In April 2010, Chinese entrepreneur Lei Jun founded Xiaomi that emerged as China’s largest smartphone company in 2014. The company, shortly after its initial growth in its home market, entered India and other South Asian markets and became a household name. It also made the competition tougher for Apple and Samsung that were once enjoying garnering profits from various smartphone markets. Apart from affordable smartphones, Xiaomi also brought its smart home devices, wearables, and a range of lifestyle products such as bags, clothes, and shoes. It has also invested in various startups to expand its portfolio of products and made an army of influencers that it calls Mi Fans.
7. Google Maps Navigation made commuting uncomplicated (2010)
To offer voice-based turn-by-turn navigation guidance, Google launched Maps Navigation as a standalone app. It was launched in beta in the US in October 2009, however it expanded to global markets by entering the UK in April 2010. The Mountain View company later integrated the Google Maps Navigation service within the Google Maps app. It enabled mobile users to navigate on-the-go, without requiring a dedicated navigator. Google also uplifted the experience by adding offline guidance and navigation support for various places in the recent past.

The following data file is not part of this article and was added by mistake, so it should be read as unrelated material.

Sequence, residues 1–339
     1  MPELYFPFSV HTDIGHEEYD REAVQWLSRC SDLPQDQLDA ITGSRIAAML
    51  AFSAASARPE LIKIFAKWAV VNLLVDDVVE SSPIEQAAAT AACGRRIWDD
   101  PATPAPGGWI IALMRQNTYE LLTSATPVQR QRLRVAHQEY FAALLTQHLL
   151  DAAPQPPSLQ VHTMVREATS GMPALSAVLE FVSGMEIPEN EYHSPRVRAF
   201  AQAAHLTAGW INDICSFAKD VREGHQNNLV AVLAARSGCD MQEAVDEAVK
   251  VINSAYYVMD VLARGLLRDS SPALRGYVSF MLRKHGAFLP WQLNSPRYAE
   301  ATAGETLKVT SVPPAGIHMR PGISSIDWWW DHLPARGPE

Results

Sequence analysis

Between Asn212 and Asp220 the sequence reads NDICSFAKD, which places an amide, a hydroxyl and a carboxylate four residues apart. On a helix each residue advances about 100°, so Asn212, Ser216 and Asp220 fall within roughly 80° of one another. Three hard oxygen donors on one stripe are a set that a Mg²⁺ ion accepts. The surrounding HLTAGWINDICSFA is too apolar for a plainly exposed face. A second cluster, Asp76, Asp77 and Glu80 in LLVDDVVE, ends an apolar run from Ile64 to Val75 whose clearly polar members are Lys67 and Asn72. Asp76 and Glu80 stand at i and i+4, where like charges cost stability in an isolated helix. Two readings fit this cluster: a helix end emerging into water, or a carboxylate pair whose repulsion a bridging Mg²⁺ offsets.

8. Uber kicked off app-based ride-hailing service (2010)
StumbleUpon co-founder Garrett Camp and entrepreneur Travis Kalanick launched Uber’s ride-hailing service in May 2010 — following the establishment of the company in March 2009. The company started its journey in San Francisco, California, though it rapidly went beyond the US and entered Paris in December 2011. Uber essentially revolutionised the way taxi services worked in the past. It also faced criticism for disrupting the market for traditional players and unfair treatment of drivers. The growth of Uber also brought some safety concerns for riders.
9. iPhone 4 arrived as a great piece of design and tech (2010)